Justin Delgado is husband to Kacie Doyle-Delgado, diagnosed at age 11. After more than a decade together, he considers himself to be an expert carb counter and Dexcom inserter. He graduated with his Master of Science in Finance from the University of Utah in 2013 and has been working in commercial banking since then. He attended his first Friends for Life conference in 2015 and is looking forward to volunteering with the teens.
October 12, 2011
Diagnosis and Symptoms, Research: Other Research
Question from Marshfield, Massachusetts, USA:
My now eight-year-old daughter was diagnosed with type 1 at age three. I have four other children who are part of a diabetic study and get blood drawn every year to look for autoantibodies. In her last blood test, my five-year-old daughter tested positive for two autoantibodies. My four-year-old daughter was positive for two autoantibodies a year ago and, this year, she was positive for three autoantibodies and her glucose tolerance test result was impaired. Can you tell me please what this means to you and how high their risks are of developing type 1?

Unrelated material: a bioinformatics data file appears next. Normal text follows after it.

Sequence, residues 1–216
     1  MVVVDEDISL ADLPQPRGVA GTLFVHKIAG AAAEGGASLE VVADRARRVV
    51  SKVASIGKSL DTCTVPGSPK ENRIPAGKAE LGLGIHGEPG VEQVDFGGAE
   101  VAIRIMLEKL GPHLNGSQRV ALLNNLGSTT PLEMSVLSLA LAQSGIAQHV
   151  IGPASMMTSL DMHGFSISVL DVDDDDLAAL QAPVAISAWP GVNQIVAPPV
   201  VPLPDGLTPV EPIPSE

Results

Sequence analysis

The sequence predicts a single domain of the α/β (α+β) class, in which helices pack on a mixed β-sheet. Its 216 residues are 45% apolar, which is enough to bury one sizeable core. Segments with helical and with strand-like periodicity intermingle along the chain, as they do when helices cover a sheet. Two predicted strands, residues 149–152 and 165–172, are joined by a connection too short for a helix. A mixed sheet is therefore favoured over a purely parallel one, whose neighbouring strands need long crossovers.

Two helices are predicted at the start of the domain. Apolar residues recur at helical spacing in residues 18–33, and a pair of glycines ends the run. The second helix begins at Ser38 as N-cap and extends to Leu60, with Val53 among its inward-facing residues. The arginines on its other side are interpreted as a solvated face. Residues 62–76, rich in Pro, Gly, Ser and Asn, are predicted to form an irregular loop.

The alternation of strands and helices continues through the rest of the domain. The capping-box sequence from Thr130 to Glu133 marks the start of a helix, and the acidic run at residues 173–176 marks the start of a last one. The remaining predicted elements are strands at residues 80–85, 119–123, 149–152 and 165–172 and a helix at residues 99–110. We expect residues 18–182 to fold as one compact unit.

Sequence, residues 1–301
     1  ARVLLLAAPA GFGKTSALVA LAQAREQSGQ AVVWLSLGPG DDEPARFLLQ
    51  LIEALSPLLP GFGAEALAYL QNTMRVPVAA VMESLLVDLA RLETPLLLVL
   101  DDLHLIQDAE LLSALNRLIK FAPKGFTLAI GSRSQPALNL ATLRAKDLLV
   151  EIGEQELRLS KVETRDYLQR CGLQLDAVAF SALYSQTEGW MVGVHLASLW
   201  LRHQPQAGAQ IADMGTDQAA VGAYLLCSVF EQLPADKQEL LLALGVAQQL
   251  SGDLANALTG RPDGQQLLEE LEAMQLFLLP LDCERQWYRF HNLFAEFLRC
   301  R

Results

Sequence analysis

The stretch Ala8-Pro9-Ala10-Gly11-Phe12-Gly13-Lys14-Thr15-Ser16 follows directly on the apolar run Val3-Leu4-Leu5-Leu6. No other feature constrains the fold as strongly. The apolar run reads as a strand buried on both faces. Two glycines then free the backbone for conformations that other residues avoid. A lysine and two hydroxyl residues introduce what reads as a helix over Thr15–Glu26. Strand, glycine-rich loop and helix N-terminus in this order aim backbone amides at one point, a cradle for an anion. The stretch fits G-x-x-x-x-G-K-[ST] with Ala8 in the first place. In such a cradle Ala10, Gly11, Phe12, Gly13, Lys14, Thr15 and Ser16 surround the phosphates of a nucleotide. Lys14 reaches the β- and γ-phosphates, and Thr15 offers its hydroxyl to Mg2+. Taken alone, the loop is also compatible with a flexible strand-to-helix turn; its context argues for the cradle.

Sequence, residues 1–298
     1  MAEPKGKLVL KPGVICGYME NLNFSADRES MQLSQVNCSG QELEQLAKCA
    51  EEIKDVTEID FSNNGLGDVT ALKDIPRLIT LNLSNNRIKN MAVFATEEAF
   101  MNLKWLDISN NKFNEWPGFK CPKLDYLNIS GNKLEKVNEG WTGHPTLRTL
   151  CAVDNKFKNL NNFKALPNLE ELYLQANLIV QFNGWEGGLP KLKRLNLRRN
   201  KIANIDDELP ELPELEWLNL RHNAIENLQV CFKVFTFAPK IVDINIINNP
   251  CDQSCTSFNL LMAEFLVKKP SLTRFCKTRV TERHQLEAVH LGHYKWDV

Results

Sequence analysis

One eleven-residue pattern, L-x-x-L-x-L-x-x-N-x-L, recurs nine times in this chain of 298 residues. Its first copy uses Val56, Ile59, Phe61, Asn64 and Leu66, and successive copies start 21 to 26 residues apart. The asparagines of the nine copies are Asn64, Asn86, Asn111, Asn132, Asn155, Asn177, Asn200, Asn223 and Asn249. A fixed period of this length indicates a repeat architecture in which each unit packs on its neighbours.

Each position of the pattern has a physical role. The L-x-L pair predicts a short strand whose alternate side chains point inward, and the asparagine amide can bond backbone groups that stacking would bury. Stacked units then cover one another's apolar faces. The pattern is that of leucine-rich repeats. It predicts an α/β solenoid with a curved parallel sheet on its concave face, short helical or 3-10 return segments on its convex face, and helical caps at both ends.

In general, the more positive the antibodies and the more antibodies that are abnormal/positive, the higher the risks of autoimmune diabetes developing, also, the shorter duration from testing when this will occur. You should go back and discuss this with the study physicians since they can better give you the risks factors knowing the exact antibody titers, which antibodies are positive and which negative and what the trend has been over time. At some point, they would also likely suggest some home blood glucose monitoring especially with growth spurts, puberty changes and also illness since those are the times when it is most likely that the pancreas might stop making sufficient insulin. Some recent elegant antibody testing data from Finland confirms this information but it is consistent here in the U.S. as well as in Europe, Australia and Japan.